The mechanisms of biodeterioration have many common features, such as biofilm formation and discoloration, as well as the physical penetration by microorganisms (Sterflinger, 2010; Isola et al., 2016). Meanwhile, black fungi can lead to further encrustation and exfoliation after fungal hyphae into the stone matrix. The dark discoloration or blackening is often attributed to the formation of calcium sulfate or gypsum, which contributes to the formation of a black crust caused by the colonization of black fungi (Urzí and Realini, 1998; Dakal and Cameotra, 2012; Negi and Sarethy, 2019). Discoloration of stone monuments and buildings can cause mechanical damage and create an aesthetic appearance problem.

Biodeterioration of stone monuments is an extremely complex process involving biological, chemical, and environmental processes (Griffin et al., 1991). The present study aimed to isolate and investigate a microcolonial fungus observed on the interior walls of the royal corridor of king Khufu’s chamber in the Great Pyramid of Giza in Egypt. The isolate was identified and characterized at the morphological, physiological, and molecular genetic levels by microscopic morphometric measurements, assessment of exoenzymatic activities, and genotyping techniques, respectively.

Materials and methods

Sampling location

The Great Pyramid of Giza (Khufu’s Pyramid) is the oldest, largest, and most famous pyramid in the Giza pyramids complex, located in Memphis in the middle of the flood plain on the west side of the bank of the Nile River, Giza in Greater Cairo, Egypt, situated at 29°58′45 ′′N and 31°08′03 ′′E. It was completed around 2560 B.C. and originally stood 481 feet high (now 455 feet, since the outer shell and capstone have been removed). Khufu, also known in historiography by the Greek name “Cheops,” was the second pharaoh of the Fourth Dynasty of ancient Egypt during the Old Kingdom period (2589-2566 B.C.; Romer, 2007). The Great Pyramid of Khufu is the oldest of the “Seven Wonders of the Ancient World” and the only one still largely intact.

In the sampling area, the humidity ranges from 30% in May to 70% in November, with an annual average of 46%. According to bioclimatic variables of the WorldClim database, the minimum temperature in the coldest month is 6.5°C, while the maximum temperature of the warmest month is 34.8°C (Fick and Hijmans, 2017). The Giza pyramid complex is accessible to tourists and visitors, it received up to 13.1 million visitors per year in 2019 and dropped to 3.4 million in 2020 during the COVID-19 pandemic situation and raised back to 6.5 million visitors in 2021 (Reuters, 2020; News.CN, 2021).

Fungal strain isolation

Sample from the inky growth of the observed black spots was obtained from Khufu’s pyramid ascending passage that slopes to the grand gallery of the corridor ascending toward King Khufu’s chamber, an interior site with no or very low light at the corridor entrance (Figure 1). A crust was collected in a sterile bag for culture analysis on Dichloran Rose Bengal Chloramphenicol (DRBC) agar medium (#CM0727, Oxoid, USA) and incubated at 25°C for 2 weeks to 1 month. All individual morphotypes were transferred to Petri dishes containing malt extract agar (MEA, Oxoid, Basingstoke, United Kingdom) and incubated at 25°C to differentiate separate fungal colonies; the dominance of appearance among the morphotypes was with a black yeast morphotype, which was used for morphological and molecular analyses.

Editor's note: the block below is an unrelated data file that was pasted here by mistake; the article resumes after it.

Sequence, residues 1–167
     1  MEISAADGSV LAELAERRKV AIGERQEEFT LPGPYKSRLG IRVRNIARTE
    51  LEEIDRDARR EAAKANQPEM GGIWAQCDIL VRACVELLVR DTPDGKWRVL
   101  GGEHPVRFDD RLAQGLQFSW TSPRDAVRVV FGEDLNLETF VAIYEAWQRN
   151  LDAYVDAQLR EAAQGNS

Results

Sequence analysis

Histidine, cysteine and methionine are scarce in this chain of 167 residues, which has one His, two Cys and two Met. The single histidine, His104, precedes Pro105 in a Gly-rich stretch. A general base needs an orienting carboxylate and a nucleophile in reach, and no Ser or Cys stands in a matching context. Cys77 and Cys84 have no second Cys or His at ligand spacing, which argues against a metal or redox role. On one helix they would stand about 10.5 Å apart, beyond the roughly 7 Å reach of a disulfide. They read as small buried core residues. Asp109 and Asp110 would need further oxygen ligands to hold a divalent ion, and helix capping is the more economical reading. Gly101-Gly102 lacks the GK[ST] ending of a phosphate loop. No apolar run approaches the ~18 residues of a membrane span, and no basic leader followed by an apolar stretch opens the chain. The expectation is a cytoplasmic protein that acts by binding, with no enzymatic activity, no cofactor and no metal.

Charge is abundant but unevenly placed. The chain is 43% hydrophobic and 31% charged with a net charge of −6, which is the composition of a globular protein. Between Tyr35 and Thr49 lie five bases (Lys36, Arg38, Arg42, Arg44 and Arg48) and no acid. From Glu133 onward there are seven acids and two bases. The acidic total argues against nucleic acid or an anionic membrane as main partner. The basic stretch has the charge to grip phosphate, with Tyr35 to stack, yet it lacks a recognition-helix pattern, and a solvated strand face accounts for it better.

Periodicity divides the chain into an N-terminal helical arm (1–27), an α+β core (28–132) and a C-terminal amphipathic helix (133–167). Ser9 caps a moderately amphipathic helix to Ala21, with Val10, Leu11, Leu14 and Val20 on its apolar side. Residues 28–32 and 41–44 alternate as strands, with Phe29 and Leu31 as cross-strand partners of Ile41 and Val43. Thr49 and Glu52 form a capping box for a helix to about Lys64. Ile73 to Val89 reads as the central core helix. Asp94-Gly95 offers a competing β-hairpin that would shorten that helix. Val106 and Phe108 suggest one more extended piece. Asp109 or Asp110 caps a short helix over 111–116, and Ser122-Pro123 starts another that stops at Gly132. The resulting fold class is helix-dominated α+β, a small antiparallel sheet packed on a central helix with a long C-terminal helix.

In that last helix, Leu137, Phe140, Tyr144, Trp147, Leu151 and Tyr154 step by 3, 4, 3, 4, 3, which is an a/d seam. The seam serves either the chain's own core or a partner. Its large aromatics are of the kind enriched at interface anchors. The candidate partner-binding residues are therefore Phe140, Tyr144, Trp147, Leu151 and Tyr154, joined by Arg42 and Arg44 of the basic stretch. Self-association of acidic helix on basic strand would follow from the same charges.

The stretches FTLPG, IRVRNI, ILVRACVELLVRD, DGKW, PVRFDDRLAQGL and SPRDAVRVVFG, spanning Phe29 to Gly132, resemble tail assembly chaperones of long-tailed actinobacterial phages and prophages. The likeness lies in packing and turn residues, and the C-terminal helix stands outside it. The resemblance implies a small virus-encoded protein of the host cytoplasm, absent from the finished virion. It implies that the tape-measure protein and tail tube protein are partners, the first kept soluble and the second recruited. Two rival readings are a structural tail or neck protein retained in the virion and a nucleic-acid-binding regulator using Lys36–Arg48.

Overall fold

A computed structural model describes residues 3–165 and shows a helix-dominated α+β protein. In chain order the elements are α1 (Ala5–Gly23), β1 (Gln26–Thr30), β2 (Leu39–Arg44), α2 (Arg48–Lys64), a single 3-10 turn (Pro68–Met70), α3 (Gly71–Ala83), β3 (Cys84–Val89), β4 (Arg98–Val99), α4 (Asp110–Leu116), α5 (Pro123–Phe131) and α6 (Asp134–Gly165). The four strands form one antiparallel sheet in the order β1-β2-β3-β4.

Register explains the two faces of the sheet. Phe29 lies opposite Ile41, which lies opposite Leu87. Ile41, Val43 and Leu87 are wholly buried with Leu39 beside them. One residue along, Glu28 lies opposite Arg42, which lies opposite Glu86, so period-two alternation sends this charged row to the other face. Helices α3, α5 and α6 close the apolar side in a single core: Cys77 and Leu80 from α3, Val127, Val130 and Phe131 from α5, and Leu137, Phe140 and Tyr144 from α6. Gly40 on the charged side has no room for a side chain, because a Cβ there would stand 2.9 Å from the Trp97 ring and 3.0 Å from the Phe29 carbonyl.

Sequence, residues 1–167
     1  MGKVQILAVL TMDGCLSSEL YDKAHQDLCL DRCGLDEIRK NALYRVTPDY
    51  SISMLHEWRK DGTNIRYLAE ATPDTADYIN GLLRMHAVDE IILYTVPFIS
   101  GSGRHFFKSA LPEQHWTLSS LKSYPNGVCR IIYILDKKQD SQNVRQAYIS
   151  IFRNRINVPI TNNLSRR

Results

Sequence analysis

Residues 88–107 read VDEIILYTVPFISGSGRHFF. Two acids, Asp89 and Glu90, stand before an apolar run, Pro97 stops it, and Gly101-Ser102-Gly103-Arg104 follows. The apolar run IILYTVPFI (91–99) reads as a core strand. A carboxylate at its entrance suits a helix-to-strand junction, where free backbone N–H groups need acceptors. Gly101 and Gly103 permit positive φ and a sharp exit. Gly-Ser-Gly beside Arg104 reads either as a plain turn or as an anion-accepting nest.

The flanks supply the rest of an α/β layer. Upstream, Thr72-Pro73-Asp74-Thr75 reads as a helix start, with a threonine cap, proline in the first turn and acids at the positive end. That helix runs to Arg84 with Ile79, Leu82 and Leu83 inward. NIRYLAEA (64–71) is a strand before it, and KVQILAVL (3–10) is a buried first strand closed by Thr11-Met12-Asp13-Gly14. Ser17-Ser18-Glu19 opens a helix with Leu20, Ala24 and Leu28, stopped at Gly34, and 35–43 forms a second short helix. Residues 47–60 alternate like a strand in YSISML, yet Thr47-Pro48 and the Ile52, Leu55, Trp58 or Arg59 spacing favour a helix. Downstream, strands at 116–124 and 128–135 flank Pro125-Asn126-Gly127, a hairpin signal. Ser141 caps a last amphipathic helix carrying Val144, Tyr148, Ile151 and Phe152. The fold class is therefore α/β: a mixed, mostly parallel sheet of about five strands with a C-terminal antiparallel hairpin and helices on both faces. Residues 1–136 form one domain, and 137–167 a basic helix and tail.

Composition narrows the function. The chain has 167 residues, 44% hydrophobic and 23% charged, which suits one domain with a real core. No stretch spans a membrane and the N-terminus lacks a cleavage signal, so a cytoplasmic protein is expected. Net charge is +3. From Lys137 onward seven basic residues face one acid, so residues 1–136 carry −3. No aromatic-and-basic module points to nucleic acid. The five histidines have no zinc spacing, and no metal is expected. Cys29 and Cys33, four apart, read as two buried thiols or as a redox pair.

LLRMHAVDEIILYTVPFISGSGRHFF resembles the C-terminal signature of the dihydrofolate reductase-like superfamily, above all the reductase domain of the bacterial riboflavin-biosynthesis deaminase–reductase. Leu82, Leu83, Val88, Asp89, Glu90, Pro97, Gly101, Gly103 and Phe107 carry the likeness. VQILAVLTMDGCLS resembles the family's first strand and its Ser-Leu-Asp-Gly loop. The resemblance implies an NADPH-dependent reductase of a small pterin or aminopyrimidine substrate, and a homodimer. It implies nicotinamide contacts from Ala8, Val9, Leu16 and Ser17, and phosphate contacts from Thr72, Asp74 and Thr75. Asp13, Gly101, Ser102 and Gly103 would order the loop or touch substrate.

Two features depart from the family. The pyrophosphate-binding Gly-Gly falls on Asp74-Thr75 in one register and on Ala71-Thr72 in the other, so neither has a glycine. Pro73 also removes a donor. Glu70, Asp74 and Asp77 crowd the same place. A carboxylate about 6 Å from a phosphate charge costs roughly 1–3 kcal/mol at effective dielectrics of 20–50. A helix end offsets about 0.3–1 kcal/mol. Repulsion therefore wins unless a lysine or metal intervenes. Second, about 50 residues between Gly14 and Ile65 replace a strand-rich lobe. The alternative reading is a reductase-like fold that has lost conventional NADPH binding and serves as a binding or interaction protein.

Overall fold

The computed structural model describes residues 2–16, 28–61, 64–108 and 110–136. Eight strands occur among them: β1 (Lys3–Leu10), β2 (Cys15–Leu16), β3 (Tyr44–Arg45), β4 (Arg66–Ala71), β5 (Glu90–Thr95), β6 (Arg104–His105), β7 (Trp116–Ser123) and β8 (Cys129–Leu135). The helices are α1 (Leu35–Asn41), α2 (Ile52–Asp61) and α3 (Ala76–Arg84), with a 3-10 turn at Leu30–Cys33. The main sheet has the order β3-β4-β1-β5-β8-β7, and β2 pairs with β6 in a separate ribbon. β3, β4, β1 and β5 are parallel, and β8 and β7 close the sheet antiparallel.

Figure 1. (A) Schematic drawing of Khufu’s Great Pyramid showing the sampling site in the pyramid; (B) a zoomed micrograph of the spotted site; (C) stereomicroscopic micrograph showing black spots presumably composed of black fungi growth (circles) visible over the sampled crust surface (scale bar is 1 mm).

Genotyping of Hortaea werneckii isolate

DNA extraction and PCR sequencing

Genomic DNA was extracted according to de Hoog and van den Ende (1992). The internal transcribed spacer (ITS) region and the small subunit of the nuclear ribosomal RNA 18S rRNA (SSU) were amplified with primers ITS1-ITS4 and NS1-NS24, respectively (White et al., 1990; O’Donnell, 2000). PCR reactions were performed using the MyTaq Red Mix (Cat# BIO-25043, Bio-Line, UK). Each 25 μl reaction tube contained 5 pmol of each primer and 50 ng of template DNA. Amplification was performed using a Techne 512 thermal cycler (Techne, UK). PCR programs were adjusted according to the primer pair melting temperature (Tm) as follows: The initial denaturation step at 95°C for 5 min was followed by 33 cycles of denaturation at 95°C for 30 s, annealing at 50°C (ITS) and 52°C (SSU) for 30 s, extension at 72°C for 30 s, and a final extension at 72°C for 5 min. PCR products were visualized by 1.5% agarose gel electrophoresis in 1x TBE buffer. All PCR reactions, when successful, were purified using the GeneJET PCR Purification Kit (Fermentas, K0702) prior to automated Sanger sequencing (Macrogen, South Korea).